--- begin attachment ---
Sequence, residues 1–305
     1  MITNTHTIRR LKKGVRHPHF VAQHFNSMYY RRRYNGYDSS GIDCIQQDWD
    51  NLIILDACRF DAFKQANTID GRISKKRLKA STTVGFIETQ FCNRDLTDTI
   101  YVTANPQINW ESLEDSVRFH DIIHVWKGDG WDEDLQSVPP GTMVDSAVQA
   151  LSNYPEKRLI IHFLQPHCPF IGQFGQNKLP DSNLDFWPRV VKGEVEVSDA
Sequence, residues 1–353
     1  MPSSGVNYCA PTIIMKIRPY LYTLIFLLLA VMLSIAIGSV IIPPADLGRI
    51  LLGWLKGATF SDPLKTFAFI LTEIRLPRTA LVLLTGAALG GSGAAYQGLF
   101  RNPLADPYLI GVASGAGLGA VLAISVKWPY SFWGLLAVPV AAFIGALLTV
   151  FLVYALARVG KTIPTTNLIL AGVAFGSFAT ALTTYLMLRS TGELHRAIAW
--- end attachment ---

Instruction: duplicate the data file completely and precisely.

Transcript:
Sequence, residues 1–305
     1  MITNTHTIRR LKKGVRHPHF VAQHFNSMYY RRRYNGYDSS GIDCIQQDWD
    51  NLIILDACRF DAFKQANTID GRISKKRLKA STTVGFIETQ FCNRDLTDTI
   101  YVTANPQINW ESLEDSVRFH DIIHVWKGDG WDEDLQSVPP GTMVDSAVQA
   151  LSNYPEKRLI IHFLQPHCPF IGQFGQNKLP DSNLDFWPRV VKGEVEVSDA
Sequence, residues 1–353
     1  MPSSGVNYCA PTIIMKIRPY LYTLIFLLLA VMLSIAIGSV IIPPADLGRI
    51  LLGWLKGATF SDPLKTFAFI LTEIRLPRTA LVLLTGAALG GSGAAYQGLF
   101  RNPLADPYLI GVASGAGLGA VLAISVKWPY SFWGLLAVPV AAFIGALLTV
   151  FLVYALARVG KTIPTTNLIL AGVAFGSFAT ALTTYLMLRS TGELHRAIAW